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Injuries to Johnny Manziel, Brian Hoyer leave Browns with uncertainty at QB


As the Browns eye their regular season finale at Baltimore, one thing is certain about the quarterback position: Duke Johnson Jr. won't be available.

For now, the rest remains unclear, as veteran Brian Hoyer is considered "day to day" with a shoulder injury after taking a hard hit during the fourth quarter of the Browns' loss to the Carolina Panthers. Connor Shaw, who has spent the entire season on the practice squad, will see increased repetitions in practice this week, and the Browns will explore other options at the position, coach Mike Pettine said on a Monday conference call.

Pettine said he wasn't sure when he'd be able to settle on a starter for a game Cleveland needs to win to finish .500. A Browns win would also severely damage the Ravens' playoff hopes.

"We have one week left," Pettine said. "We're going to focus all our energy and effort into that one. When we're done from that one, we're going to focus all our effort and energy into next season. There's a lot to soak in.

"We're going to evaluate everything we've done in our football operations from A to Z and quarterback's going to be a big part of it."

Manziel was ruled out for Sunday's game because of a hamstring injury he suffered during the second quarter against the Panthers. Though Manziel was considered to be the Browns' emergency option for the second half against the Panthers, his injury will take several weeks to heal, Pettine said, who labeled it "pretty significant."

The injury occurred early in the second quarter when Manziel slipped while throwing a slant to Josh Gordon. It flared up and ultimately sidelined him after he took a hard hit on a scramble later in the quarter.

Manziel finished his rookie season 18-of-35 for 175 yards and two interceptions to go along with 29 rushing yards and a touchdown.

"He's made strides," Pettine said. "I know it was a lot to throw at him as a rookie just coming from the system in which he played in. I just think it's difficult, sometimes, to evaluate the player when you're not necessarily playing at a high level around him. There were times that I think that we made both Brian and Johnny look very average to below average because we were missing some assignments or doing some things technically wrong around them."

Hoyer took a handful of hard hits in his first relief appearance of the season, but none was harder than Kawann Short's sack on the Browns' final drive of the game. The Browns called a timeout to let Hoyer catch his breath, and he ultimately finished the game, but soreness flared up Monday, Pettine said.

Hoyer was 7-of-13 for 134 yards -- the majority coming on an 81-yard touchdown pass to Jordan Cameron -- and an interception in a little more than a half against the Panthers. On the season, he's completed 55 percent of his passes for 3,326 yards, 12 touchdowns and 13 interceptions.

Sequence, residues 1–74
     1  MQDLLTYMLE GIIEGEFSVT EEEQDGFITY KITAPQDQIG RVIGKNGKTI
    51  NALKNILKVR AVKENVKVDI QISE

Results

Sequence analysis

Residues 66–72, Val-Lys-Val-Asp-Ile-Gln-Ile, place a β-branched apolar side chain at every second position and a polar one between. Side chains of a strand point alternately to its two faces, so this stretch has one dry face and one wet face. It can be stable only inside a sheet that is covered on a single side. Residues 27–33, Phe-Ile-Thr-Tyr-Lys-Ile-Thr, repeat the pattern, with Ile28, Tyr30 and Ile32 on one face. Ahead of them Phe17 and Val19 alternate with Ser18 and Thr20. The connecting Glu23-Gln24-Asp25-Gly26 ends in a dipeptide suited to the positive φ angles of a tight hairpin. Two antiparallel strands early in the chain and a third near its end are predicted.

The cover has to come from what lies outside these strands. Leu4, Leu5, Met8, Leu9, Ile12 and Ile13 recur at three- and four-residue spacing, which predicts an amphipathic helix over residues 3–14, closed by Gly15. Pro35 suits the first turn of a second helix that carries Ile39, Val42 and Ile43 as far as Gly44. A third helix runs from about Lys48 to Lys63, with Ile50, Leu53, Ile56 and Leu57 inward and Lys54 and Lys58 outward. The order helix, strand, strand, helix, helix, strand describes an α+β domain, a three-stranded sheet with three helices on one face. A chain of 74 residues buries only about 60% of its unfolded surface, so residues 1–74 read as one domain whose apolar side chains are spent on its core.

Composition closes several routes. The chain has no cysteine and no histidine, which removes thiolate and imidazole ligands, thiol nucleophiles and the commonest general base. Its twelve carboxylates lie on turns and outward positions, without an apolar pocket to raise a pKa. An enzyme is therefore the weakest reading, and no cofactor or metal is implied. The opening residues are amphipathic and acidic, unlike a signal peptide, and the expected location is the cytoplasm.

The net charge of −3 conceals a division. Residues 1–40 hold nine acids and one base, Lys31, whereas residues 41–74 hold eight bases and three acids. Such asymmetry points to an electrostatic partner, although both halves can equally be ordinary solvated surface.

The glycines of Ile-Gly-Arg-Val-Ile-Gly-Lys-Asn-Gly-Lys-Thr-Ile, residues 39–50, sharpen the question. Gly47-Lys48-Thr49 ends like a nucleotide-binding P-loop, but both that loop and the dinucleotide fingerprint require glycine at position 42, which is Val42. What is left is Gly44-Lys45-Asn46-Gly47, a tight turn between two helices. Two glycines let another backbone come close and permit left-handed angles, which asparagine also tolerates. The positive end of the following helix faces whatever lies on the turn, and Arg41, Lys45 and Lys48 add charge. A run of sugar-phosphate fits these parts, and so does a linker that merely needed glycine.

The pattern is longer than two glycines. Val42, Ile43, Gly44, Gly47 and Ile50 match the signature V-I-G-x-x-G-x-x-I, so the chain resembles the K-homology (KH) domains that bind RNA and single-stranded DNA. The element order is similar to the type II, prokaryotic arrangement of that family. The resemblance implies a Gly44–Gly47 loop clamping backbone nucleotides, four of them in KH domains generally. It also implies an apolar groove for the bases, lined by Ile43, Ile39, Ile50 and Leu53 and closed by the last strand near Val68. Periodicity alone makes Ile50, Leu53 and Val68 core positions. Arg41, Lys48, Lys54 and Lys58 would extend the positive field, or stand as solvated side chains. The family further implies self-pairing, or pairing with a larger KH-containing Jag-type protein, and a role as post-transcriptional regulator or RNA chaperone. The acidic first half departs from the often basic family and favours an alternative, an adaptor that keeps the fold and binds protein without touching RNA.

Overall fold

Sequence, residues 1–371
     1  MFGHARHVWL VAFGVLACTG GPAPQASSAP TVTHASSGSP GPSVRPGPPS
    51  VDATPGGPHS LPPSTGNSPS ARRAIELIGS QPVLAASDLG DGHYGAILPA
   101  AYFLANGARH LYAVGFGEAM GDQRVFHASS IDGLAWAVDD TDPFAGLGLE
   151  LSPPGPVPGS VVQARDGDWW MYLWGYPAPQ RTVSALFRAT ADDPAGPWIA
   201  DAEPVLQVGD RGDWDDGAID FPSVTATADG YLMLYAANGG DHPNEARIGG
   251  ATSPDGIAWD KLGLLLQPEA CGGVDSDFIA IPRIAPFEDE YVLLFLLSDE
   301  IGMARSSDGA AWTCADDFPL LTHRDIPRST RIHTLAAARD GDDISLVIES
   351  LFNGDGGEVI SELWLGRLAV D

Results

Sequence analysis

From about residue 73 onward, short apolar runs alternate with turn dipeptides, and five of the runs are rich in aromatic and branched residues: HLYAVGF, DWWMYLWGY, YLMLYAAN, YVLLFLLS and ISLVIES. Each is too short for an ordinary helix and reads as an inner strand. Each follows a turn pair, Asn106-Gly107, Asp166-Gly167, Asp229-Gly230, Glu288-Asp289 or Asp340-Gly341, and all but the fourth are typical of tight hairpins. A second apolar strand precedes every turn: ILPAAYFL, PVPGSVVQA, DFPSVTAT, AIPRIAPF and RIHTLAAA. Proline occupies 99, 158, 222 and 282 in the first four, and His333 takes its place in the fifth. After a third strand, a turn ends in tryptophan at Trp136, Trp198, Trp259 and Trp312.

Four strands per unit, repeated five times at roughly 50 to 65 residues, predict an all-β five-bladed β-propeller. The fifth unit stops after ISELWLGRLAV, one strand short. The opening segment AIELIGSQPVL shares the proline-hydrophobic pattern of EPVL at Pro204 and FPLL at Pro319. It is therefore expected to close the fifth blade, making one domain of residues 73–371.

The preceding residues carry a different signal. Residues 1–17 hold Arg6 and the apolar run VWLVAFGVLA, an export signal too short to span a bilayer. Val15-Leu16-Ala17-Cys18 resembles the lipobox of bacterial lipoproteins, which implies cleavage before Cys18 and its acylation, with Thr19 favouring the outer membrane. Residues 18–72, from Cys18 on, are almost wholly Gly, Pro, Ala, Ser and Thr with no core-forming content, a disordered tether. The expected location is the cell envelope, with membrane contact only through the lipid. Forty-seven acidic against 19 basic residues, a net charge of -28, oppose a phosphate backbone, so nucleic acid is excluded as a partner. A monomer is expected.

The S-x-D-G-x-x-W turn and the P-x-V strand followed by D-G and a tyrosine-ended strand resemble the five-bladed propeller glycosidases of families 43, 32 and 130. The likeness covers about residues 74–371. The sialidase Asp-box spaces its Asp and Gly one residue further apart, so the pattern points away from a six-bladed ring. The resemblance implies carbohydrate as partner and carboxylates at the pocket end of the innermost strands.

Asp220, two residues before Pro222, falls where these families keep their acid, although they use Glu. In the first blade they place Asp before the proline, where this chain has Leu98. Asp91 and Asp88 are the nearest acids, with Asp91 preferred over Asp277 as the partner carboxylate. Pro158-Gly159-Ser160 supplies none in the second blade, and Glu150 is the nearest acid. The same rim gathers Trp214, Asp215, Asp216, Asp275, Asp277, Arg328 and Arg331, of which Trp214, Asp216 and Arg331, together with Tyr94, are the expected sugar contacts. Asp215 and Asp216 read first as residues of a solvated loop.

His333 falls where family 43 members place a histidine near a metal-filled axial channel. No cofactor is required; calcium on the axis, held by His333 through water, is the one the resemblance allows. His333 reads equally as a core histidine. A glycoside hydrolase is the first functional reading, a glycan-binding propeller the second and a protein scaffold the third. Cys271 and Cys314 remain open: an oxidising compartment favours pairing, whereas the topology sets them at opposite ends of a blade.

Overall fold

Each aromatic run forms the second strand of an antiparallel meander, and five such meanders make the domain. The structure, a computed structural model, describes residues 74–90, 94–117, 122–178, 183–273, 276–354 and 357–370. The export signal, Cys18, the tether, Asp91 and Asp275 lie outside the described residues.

"(Offensive coordinator) Kyle Shanahan in my helmet said you need to be able to get up, you have no other choice. I just couldn't breathe," Hoyer said Sunday. "The guy hit me, and pinged me and when you have all of that mass come down on you, it's hard to breath for a second or two."

The Browns, perhaps, would have been limited in their options without Manziel and Hoyer against the Panthers, but a week's notice will allow Shaw, an undrafted rookie, to receive extensive repetitions with the team's active players. Shaw's responsibilities throughout the season have centered on preparing the defense for the upcoming opposing quarterback. He's taken on a variety of roles and styles, including Carolina's Cam Newton this past week.

In the preseason, Shaw completed 8-of-9 passes for 123 yards and a touchdown pass against the Washington Redskins. He's yet to be officially elevated from the practice squad.

A three-year starter at South Carolina, Shaw led the Gamecocks to three consecutive 11-win seasons. He completed better than 65 percent of his passes for 5,851 yards and 55 touchdowns with just 14 interceptions. He averaged more than 500 yards on the ground in his three seasons as a starter and finished his career with 18 rushing touchdowns.

"He's been outstanding for us all year. He's done everything we've asked. He's a guy that is very similar to what you saw at South Carolina: He's not the biggest guy, he's not the fastest guy, he's not the strongest guy, but he just found a way to be productive. His strength lies in his competitiveness.

"I wouldn't be surprised … if he does have to play that he goes out there and plays well … It wouldn't come as a surprise because we all know what type of kid he is."

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